• What are some things teachers might do that could detract from people’s desire to learn the gospel? (Give class members time to ponder and discuss this question. Encourage them to discuss the question in general terms rather than criticize individual teachers. Note that some possible ideas are listed below.)

    1. Read lessons to them from the manual.

    2. Spend most of the lesson time lecturing.

    3. Try to impress them with knowledge or teaching skills.

    4. Criticize or treat lightly their questions and comments.

    5. Make comments or ask questions that might undermine their faith.

    6. Use language or examples that could cause the Spirit to withdraw.

    7. Fail to center lessons on gospel truths.


Conclude this discussion by having a class member read the following statement by Elder Dallin H. Oaks:

“Every gospel teacher who seeks to follow the Master will focus all of his efforts on others and never on himself. Satan said, ‘Send me, … I will redeem all mankind, … and surely I will do it; wherefore give me thine honor.’ Contrast that proposal with the example of the Savior, who said, ‘Father, thy will be done, and the glory be thine forever’ (Moses 4:1–2). A gospel teacher will focus his teaching on the needs of the sheep and the glory of the Master. He will avoid the limelight. He will teach the flock that they should always look to the Master. He will never obscure their view of the Master by standing in the way or by casting a shadow of self-promotion or self-interest” (address given 31 March 1998).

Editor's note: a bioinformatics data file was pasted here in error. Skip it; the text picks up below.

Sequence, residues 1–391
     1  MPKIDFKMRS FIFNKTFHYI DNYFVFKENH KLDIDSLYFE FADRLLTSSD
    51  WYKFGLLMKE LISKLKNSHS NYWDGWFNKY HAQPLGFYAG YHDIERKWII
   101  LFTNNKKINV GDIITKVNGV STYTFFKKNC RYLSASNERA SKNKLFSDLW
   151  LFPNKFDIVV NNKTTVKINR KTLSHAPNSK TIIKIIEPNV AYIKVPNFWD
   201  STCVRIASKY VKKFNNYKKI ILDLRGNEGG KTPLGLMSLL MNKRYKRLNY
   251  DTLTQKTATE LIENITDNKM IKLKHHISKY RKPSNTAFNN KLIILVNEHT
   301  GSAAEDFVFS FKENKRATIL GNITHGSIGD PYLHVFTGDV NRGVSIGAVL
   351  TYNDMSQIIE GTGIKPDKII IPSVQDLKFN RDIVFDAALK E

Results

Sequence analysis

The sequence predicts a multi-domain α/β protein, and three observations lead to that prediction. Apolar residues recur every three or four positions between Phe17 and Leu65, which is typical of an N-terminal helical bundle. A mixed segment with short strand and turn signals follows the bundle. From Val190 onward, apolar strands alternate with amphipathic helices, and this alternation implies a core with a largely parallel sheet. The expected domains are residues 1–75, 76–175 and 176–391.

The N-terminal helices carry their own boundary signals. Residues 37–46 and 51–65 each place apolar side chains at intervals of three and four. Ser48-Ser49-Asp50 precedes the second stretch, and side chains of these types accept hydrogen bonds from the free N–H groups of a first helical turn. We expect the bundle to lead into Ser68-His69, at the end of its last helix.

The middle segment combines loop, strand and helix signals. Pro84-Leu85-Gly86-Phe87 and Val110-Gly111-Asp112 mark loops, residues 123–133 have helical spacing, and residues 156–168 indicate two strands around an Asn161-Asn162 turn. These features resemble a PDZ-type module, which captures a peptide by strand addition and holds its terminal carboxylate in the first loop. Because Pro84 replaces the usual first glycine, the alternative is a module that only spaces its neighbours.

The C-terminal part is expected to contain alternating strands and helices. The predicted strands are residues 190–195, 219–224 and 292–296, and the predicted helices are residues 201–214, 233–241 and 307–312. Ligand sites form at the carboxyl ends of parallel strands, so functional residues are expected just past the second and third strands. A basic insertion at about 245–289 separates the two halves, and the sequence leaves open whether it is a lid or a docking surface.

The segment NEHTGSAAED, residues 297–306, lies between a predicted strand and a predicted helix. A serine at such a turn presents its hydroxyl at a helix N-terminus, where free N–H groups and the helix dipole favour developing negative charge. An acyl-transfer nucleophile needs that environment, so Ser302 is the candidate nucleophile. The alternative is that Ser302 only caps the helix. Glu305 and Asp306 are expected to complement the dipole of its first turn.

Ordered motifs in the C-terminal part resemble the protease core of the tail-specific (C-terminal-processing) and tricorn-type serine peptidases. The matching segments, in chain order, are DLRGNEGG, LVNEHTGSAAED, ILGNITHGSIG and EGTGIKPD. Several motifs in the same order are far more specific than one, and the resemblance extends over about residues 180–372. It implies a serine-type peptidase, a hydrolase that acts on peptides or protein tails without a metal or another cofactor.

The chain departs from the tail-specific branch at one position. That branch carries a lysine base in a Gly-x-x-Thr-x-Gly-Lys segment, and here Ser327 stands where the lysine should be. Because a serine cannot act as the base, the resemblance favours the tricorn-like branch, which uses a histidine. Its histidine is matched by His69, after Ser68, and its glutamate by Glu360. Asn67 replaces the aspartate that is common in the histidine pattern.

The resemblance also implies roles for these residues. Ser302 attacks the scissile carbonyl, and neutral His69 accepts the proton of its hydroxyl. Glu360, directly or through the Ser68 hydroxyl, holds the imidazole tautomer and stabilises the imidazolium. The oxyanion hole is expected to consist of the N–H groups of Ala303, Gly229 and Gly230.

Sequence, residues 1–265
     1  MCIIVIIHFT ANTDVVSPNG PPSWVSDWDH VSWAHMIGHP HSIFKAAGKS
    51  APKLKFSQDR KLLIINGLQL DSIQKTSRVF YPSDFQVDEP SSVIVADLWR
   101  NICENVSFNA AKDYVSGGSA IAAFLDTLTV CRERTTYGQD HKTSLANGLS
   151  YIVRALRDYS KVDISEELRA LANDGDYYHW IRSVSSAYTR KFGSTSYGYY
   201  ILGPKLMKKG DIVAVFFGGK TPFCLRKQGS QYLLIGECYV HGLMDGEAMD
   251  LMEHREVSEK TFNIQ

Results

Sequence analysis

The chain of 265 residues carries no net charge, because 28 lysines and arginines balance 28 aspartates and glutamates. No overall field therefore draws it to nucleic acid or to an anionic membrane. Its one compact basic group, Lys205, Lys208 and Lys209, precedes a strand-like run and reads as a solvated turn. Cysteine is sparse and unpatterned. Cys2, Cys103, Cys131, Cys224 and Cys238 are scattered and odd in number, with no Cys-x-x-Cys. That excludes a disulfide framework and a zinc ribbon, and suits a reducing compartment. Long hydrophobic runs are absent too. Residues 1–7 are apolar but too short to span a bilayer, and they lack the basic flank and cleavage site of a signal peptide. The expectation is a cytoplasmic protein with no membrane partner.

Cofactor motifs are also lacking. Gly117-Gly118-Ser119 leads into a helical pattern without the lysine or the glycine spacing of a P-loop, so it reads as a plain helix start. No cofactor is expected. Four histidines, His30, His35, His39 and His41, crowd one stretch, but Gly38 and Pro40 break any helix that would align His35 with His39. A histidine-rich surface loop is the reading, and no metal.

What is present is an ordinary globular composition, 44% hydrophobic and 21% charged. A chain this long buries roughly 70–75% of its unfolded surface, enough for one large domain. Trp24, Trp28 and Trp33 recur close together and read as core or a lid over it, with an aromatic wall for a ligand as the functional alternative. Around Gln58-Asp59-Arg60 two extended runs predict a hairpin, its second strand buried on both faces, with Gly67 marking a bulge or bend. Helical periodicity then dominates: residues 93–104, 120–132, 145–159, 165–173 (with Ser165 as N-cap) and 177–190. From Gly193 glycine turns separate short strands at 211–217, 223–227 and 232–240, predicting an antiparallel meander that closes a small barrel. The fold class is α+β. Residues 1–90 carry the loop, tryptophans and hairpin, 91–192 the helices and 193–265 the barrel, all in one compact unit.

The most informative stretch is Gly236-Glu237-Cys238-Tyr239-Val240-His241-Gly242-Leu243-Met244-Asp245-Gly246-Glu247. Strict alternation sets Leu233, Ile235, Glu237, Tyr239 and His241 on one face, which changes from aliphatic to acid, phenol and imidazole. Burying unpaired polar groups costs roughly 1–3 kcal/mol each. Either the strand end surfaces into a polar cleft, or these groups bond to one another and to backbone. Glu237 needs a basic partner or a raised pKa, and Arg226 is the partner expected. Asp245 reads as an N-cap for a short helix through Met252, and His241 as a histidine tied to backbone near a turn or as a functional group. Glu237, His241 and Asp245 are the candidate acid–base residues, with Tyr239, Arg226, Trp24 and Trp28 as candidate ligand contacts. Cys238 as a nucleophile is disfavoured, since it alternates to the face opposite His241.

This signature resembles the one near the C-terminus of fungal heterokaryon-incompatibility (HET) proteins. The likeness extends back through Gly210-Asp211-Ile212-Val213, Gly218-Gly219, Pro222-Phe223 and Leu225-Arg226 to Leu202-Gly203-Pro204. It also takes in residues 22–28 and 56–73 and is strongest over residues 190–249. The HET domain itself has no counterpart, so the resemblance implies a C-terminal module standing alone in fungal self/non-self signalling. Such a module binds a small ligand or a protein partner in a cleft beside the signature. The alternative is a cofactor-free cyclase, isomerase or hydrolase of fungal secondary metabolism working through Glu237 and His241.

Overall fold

There are many things we can do to invite diligent learning.

Notebook Activity

Have class members turn to page 60 in this book. Ask one class member to read aloud the statement on that page. The statement lists three general things that we can do to invite diligent learning. Point out that in each of these areas there are many simple, specific things we can do.

Have class members review the following list in their books. Invite them to choose one idea from the list that they will apply in an upcoming teaching opportunity. If time permits, allow them to briefly write in their notebooks about how they will use this idea. You may also want to ask them to share their plan with other class members. If there is not time for them to write in their notebooks and discuss their plans, encourage them to write in their notebooks at home.